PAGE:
• Game on… The measure to block the new soccer fields at Beach Chalet got enough signatures to make it on the ballot for the next election. Mayor Ed Lee has already prepared for the ballot battle by getting his own opposing measure on the ballot. “Mayor Ed Lee and a number of city supervisors last month announced their own initiative, designed to override the Golden Gate Park Athletic Fields Renovation Act. That measure contains a “poison pill” that would invalidate any conflicting ballot measure if the city’s measure gets more votes.” [SF Chronicle] Wake us when it’s over.
  • Parking meters are getting an upgrade, allowing them to accept all five forms of payment, have larger display screens and show pay-by-phone transactions on the meter display. The new ones are being installed in the outer and central Richmond District in this next wave. And in case you’re curious what it costs to upgrade each meter – $515.
  • The latest casualty of the tech boom? It’s Chinese businesses according to newamericanmedia.org. “The irony is that as Chinese buyers acquire more property in San Francisco, it is often the Chinese American tenants who are taking a hit. In this new Chinese city of San Francisco, also a hipster city, one sees more white young people and fewer small Chinese shops and shopkeepers that cater to working-class Chinese.” Read the full story
9:57 am | Posted under Business, Politics, Transportation | 19 comments
Jun-6-2014

Artist Frank Kozik opening store on Clement Street? Labbit says yes.

While cruising down Clement Street last night, we noticed the above sign in the window of the old Kumquat space at 147 Clement Street near 3rd Avenue.

We didn’t recognize it, but our Facebook followers did. It’s a drawing of “Labbit” by artist Frank Kozik. Labbit is known for his “Addiction to candy cigarettes and beef jerky” and for his allergy “to work in any form”.

Facebook followers were abuzz that Kozik has plans to open a store on Clement Street. From what we can tell, this will be Kozik’s first brick and mortar store; he does sell his work on his website.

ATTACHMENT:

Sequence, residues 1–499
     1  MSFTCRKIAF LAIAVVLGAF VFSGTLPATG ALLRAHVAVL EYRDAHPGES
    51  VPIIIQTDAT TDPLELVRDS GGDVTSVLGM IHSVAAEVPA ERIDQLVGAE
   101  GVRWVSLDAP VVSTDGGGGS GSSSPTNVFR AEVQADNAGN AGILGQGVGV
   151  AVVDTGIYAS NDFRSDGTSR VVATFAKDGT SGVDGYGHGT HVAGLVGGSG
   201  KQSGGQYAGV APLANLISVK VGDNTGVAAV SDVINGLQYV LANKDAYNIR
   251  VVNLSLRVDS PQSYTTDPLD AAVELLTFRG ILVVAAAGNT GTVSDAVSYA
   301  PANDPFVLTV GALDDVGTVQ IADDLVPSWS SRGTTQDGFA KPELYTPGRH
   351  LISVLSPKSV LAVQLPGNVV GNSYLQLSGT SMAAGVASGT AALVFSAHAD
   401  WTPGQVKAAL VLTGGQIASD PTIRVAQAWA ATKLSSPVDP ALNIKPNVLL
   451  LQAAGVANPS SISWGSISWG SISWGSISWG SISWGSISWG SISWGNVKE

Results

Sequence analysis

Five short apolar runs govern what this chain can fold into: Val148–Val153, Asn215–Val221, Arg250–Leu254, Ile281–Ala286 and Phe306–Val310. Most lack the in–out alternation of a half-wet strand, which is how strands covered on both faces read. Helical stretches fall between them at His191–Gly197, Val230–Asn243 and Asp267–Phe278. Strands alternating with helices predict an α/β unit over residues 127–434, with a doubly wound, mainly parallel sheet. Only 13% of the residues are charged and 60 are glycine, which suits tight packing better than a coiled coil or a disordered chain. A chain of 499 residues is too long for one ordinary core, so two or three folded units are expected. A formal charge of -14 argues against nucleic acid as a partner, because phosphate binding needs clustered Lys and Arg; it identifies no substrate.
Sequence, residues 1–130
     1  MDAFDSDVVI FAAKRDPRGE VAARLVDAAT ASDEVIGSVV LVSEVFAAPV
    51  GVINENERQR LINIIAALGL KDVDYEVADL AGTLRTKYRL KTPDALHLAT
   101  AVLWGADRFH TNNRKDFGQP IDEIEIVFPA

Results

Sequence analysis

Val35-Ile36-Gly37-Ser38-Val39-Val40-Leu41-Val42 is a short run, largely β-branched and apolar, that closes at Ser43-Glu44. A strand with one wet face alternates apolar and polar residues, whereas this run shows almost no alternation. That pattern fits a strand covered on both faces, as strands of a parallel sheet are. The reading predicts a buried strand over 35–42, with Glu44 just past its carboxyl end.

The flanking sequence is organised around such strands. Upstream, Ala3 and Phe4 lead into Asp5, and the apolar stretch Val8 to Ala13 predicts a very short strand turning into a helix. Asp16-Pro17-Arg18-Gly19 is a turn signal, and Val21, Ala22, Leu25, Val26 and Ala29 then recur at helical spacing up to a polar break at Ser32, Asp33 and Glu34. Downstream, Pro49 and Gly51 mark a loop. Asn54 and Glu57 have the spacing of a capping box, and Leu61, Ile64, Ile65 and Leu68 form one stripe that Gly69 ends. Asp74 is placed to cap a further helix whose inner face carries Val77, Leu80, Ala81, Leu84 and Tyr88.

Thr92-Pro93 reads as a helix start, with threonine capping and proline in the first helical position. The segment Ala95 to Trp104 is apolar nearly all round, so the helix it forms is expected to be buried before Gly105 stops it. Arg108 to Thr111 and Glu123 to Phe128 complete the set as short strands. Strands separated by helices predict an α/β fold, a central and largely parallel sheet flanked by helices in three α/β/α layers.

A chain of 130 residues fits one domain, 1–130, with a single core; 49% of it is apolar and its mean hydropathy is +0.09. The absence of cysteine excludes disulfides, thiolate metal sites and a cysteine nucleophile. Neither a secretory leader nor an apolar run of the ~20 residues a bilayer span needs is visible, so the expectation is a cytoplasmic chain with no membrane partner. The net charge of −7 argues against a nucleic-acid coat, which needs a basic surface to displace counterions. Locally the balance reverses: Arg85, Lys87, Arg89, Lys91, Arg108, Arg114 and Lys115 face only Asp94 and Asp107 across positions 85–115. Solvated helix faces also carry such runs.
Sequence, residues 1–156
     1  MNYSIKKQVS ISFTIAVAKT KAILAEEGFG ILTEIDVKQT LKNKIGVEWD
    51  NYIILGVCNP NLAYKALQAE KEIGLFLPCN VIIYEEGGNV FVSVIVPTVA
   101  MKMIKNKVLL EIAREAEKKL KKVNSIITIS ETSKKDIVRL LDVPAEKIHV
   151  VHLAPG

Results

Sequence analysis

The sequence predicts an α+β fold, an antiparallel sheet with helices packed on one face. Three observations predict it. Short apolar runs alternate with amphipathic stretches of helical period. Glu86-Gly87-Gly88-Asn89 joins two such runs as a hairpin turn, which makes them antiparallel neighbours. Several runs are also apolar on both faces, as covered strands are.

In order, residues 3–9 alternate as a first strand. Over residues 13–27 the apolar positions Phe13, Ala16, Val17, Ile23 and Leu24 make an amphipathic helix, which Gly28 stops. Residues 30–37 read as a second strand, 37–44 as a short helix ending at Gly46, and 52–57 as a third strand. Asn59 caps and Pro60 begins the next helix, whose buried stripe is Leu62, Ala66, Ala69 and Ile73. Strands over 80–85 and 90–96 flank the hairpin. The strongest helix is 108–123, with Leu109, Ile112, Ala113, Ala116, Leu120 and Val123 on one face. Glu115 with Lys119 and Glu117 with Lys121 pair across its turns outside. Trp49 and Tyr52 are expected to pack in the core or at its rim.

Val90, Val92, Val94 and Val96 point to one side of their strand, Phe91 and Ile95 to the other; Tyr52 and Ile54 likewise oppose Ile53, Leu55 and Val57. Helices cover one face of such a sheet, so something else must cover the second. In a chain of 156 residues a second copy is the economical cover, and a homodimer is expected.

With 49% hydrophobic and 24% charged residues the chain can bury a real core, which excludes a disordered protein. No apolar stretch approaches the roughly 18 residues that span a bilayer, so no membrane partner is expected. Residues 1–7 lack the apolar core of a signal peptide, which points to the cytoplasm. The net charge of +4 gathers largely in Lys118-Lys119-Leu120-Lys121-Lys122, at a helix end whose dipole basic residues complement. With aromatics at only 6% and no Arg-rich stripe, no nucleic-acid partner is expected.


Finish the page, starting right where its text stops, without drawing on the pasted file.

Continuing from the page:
Kozik has a colorful career as an artist that spans across many mediums including silkscreening, album cover design, art toy works, video and music. He currently lives and works in San Francisco with his wife, Sharon, and their four cats.

We emailed Kozik and he had this to say about his new venture:

Yes, we will be moving our design offices there and opening a small store as well! All sorts of fun ‘urban vinyl’ figures, prints, t-shirts and art things. We should be open some time in July. We will be redoing the facade for a cleaner brighter look!

As a long time residents of the Richmond (21 years) we have always wanted a spot on Clement and now its reality!

We have a feeling Kozik’s store will be a very colorful addition to Clement Street :)

Sarah B.

9:10 am | Posted under Art, Business | 5 comments
Jun-4-2014

Local links: Muni sickout, Surfcraft, new Vietnamese, Yee nearly elected & more


Transit Accident at Euclid & Arguello Boulevard with onlookers | November 17, 1915. Courtesy of SFMTA Archives

Not too many links to share this week, but like a good loaf of bread, we don’t want them to go stale…

  • How are you all handling the MUNI sickout? We’ve seen hoards of waiting passengers at stops in the neighborhood these past few mornings, and one (handsome!) reader tweeted us that he ran home 5.5 miles from his job to avoid it. Leave a comment to let us know.
  • Congrats to the Balboa Theater (which is screening Purple Rain this Sunday night!) for being named among 7 best movie house in the Bay Area by KQED. We could have done without the “just decrepit and seedy enough” descriptor though…
  • Despite his legal troubles and pulling out of the election, Senator Leland Yee STILL received just over 287k votes in yesterday’s election primary for California Secretary of State – enough for a third place finish. We’re gonna chalk to this up to people lazily voting for a name they recognize… Sigh.
  • This outer Richmond District resident is crafting a new kind of surfboard made specifically for bodysurfing. He came up with the idea after his traditional surfboard broke in half.
  • Reader Emily F. tells us that the old Barley Cafe at 343 Clement near 5th Avenue, which closed abruptly after a few months, will soon be taken over by a new Vietnamese restaurant. She chatted with the owners who were on site who told her that “there that will focus on noodle soups and fresh spring roll wraps. They expect to be open by the end of June.”
12:35 pm | Posted under Business, Food, History, Movies, Politics | 15 comments